Nice to hear the judges at a competition like that recognizing it. Could mean there's a shift happening in music, where a&r's no longer want a 1-2 note synth melody with an 808 under it. Adele winning all the grammy's probably has something to do with it too.
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3rd March 2012
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Hey, thanks for the great insight Matt.

P.S. I thought so! (the dead centre in the pocket thing)

Cheers
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3rd March 2012
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interesting point of view. i also think musicality should still be the most important factor when making "music", "beats" whatever...

on the other side, i dont understand why modern urban music gets more and more minimal. Look at Tyga "Rack City", this one has one melodic instrument which plays 3 tones, not to be hating it at all, but this song could have been a lot bigger if there would come some more synths/stabs/pads/orchestration in the hooks/at the end.

Just listened to the new Nicki Minaj "Roman Reloaded" and this song has no harmonics AT ALL! I just dont get it why one producer denies using some catchy melodies and instrumenation nowadays.

We have more sounds and opportunities than ever before and the music on the radio is all about drums which are 808 sounds anyways...

i am not hating, i like a lot of modern music and 808 drums but i still like when there musically happens somewhat in songs. The more i was surprised by the tyga album, he really has some great songs on it. From a musical point of view
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3rd March 2012
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Quote:
Originally Posted by LimpyLoo View Post

And then I think about Daniel Johnston and his boombox, and I remember what's important.
I love Daniel Johnston.A true Inspiration. Got 3 of his albums. Its amazing how something so simple can be so beautiful. I guess its easy to loose sight of simplicity and all its virtues sometimes. I think your right to bear people like him in mind when youve got 4o+ tracks open and your considering adding another layer of synth. lol Less is more!!! Its the notes you dont play that make music great. Its knowing what not to do. And When not to do it. Hendrix for example used to go into his 10 minute solos. And they were great. Dont get me wrong as a guitar player his solos were off the scale every time. A great and impressive demonstration of his ability with a guitar. But in terms of great songs and what stands out as good music,.. its the ones where the producer held him back and cut down his solos which stand the test of time and stand out as good tracks. All along the Watchtower and Hey Joe are a good example of this.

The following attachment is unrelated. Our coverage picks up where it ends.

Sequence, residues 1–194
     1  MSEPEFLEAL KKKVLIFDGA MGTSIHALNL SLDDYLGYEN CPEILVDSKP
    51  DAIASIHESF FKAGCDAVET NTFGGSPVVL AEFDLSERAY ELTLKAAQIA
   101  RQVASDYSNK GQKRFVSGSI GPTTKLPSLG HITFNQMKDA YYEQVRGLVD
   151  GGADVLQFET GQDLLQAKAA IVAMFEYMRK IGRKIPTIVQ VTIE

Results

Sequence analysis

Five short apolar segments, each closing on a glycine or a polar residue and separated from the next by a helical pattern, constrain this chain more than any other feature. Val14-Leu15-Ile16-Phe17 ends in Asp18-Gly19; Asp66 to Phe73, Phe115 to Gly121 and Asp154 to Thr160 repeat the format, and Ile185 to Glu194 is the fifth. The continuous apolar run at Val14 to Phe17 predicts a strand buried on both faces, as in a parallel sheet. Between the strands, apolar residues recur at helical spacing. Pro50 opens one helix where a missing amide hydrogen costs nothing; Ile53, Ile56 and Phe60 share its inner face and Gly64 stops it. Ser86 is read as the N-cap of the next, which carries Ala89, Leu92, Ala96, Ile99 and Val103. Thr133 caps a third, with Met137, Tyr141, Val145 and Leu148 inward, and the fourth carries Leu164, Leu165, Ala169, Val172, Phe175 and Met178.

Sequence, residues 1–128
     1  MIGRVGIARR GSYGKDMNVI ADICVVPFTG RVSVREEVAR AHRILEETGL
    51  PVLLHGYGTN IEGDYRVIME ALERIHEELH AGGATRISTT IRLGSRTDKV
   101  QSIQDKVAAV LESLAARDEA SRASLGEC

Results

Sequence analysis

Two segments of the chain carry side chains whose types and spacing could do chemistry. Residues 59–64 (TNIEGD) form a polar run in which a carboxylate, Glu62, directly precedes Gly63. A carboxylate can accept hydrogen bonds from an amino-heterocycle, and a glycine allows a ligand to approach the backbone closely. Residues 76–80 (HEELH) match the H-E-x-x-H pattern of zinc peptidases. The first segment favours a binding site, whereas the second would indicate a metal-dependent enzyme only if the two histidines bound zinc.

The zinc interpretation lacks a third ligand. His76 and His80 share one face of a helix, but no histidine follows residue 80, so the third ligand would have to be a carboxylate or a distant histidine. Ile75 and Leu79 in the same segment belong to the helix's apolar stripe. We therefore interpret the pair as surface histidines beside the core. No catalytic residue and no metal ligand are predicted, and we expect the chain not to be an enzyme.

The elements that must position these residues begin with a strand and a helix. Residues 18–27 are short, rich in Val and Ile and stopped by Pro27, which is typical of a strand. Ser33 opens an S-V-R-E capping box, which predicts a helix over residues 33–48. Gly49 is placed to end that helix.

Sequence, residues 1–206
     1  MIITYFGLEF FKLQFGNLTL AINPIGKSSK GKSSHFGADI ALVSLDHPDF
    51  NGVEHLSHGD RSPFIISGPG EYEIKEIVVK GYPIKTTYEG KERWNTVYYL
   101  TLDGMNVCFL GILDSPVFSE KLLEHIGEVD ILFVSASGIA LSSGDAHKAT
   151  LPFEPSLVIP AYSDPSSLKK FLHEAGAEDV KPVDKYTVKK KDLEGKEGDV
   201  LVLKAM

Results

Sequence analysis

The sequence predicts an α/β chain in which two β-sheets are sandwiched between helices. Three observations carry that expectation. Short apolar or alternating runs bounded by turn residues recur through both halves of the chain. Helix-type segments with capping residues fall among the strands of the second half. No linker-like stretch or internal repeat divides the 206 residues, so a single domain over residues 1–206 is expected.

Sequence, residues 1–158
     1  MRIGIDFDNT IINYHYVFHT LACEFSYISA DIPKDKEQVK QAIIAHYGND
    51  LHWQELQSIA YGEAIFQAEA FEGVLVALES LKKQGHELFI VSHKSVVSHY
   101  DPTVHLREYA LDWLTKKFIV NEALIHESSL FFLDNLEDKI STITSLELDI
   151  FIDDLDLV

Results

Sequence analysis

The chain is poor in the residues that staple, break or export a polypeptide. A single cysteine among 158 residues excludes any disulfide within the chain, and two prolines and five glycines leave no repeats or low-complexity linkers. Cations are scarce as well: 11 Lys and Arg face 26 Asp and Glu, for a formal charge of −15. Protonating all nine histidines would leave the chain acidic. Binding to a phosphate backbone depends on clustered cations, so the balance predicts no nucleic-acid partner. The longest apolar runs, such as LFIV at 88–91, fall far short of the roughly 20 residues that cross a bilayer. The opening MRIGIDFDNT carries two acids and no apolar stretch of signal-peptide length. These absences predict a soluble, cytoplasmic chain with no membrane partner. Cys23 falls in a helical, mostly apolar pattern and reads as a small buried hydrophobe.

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10th March 2012
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The funny thing is, those producers with the banging drums will probably draw more artists and therefore placements than the downtempo guy. I did the iStandard showcase and to be honest it has more to do with the judges personal taste or what they are looking for. I had a rockish and a pop track that I played that didn't get a lot of love there but literally everyone I played it for before and after, friends, family, strangers, whoever, loved both those tracks. That's my gripe with producer contest/showcases. They really don't matter because a judge can tell you your music isn't mixed properly, lacks musicality, you didn't use the right pad, whatever. But if put an artist on it and it's a dope song that starts making some noise, they'll be trying to sign you.
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10th March 2012
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Quote:
Originally Posted by goddfodder View Post
I love Daniel Johnston.A true Inspiration. Got 3 of his albums. Its amazing how something so simple can be so beautiful. I guess its easy to loose sight of simplicity and all its virtues sometimes. I think your right to bear people like him in mind when youve got 4o+ tracks open and your considering adding another layer of synth. lol Less is more!!! Its the notes you dont play that make music great. Its knowing what not to do. And When not to do it. Hendrix for example used to go into his 10 minute solos. And they were great. Dont get me wrong as a guitar player his solos were off the scale every time. A great and impressive demonstration of his ability with a guitar. But in terms of great songs and what stands out as good music,.. its the ones where the producer held him back and cut down his solos which stand the test of time and stand out as good tracks. All along the Watchtower and Hey Joe are a good example of this.
Reading the first half of this post while listening to the song you posted was really inspirational
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10th March 2012
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Originally Posted by mp3 View Post
Appreciate you sharing storyville. Its always good to get a reminder that the musical idea is the most important thing.